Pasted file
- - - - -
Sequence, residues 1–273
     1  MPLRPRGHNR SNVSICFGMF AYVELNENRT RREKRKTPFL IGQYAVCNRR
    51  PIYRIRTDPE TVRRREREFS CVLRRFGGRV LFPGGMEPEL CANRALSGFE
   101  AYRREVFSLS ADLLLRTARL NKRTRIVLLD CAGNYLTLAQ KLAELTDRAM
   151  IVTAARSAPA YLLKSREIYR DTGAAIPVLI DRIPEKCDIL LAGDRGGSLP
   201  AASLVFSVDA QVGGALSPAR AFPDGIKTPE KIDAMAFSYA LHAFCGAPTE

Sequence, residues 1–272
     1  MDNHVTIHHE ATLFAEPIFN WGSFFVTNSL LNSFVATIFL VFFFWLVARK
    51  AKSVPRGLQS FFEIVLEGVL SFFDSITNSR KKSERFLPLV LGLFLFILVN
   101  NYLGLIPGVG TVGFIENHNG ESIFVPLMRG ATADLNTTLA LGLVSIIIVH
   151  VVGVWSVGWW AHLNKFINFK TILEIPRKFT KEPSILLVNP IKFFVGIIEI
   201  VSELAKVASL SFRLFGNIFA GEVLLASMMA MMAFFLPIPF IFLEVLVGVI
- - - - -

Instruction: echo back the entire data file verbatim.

Sequence, residues 1–273
     1  MPLRPRGHNR SNVSICFGMF AYVELNENRT RREKRKTPFL IGQYAVCNRR
    51  PIYRIRTDPE TVRRREREFS CVLRRFGGRV LFPGGMEPEL CANRALSGFE
   101  AYRREVFSLS ADLLLRTARL NKRTRIVLLD CAGNYLTLAQ KLAELTDRAM
   151  IVTAARSAPA YLLKSREIYR DTGAAIPVLI DRIPEKCDIL LAGDRGGSLP
   201  AASLVFSVDA QVGGALSPAR AFPDGIKTPE KIDAMAFSYA LHAFCGAPTE

Sequence, residues 1–272
     1  MDNHVTIHHE ATLFAEPIFN WGSFFVTNSL LNSFVATIFL VFFFWLVARK
    51  AKSVPRGLQS FFEIVLEGVL SFFDSITNSR KKSERFLPLV LGLFLFILVN
   101  NYLGLIPGVG TVGFIENHNG ESIFVPLMRG ATADLNTTLA LGLVSIIIVH
   151  VVGVWSVGWW AHLNKFINFK TILEIPRKFT KEPSILLVNP IKFFVGIIEI
   201  VSELAKVASL SFRLFGNIFA GEVLLASMMA MMAFFLPIPF IFLEVLVGVI